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This article is the author’s final published version in Preventing Chronic Disease, Volume 17, June 2020, Article number e42.

The published version is available at Copyright © Smith et al.


INTRODUCTION: Natural hazards are elements of the physical environment caused by forces extraneous to human intervention and may be harmful to human beings. Natural hazards, such as weather events, can lead to natural disasters, which are serious societal disruptions that can disrupt dialysis provision, a life-threatening event for dialysis-dependent people. The adverse outcomes associated with missed dialysis sessions are likely exacerbated in island settings, where health care resources and emergency procedures are limited. The effect of natural disasters on dialysis patients living in geographically vulnerable areas such as the Cayman Islands is largely understudied. To inform predisaster interventions, we systematically reviewed studies examining the effects of disasters on dialysis patients and discussed the implications for emergency preparedness in the Cayman Islands.

METHODS: Two reviewers independently screened 434 titles and abstracts from PubMed, Scopus, CINAHL, and Cochrane Library. We included studies if they were original research articles published in English from 2009 to 2019 and conducted in the Americas.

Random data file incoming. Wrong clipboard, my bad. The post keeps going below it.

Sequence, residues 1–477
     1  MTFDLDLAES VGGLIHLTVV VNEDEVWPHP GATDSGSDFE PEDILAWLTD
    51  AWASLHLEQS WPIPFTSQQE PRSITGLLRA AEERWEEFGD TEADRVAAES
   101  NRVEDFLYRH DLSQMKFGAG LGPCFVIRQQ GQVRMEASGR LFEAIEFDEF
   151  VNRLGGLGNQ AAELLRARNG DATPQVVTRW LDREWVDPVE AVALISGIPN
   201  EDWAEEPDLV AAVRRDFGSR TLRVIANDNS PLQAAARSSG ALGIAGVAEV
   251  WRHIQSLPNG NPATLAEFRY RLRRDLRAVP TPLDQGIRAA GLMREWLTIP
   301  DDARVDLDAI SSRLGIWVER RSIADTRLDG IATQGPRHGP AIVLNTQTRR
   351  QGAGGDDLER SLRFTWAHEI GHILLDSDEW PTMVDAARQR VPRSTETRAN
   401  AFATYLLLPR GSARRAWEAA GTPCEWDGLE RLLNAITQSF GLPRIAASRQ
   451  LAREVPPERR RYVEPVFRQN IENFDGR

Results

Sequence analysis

RESULTS: Our search yielded 15 relevant articles, which we included in the final analysis. Results showed that disasters have both direct and indirect effects on dialysis patients. Lack of electricity, clean water, and transportation, and closure of dialysis centers can disrupt dialysis care, lead to missed dialysis sessions, and increase the number of hospitalizations and use of the emergency department. Additionally, disasters can exacerbate depression and lead to posttraumatic stress disorder among dialysis patients.

CONCLUSION: To our knowledge, this systematic review is the first study that presents a synthesis of the scientific literature on the effects of disasters on dialysis populations. The indirect and direct effects of disasters on dialysis patients highlight the need for predisaster interventions at the patient and health care system levels. Particularly, educating patients about an emergency renal diet and offering early dialysis can help to mitigate the negative effects of disasters.





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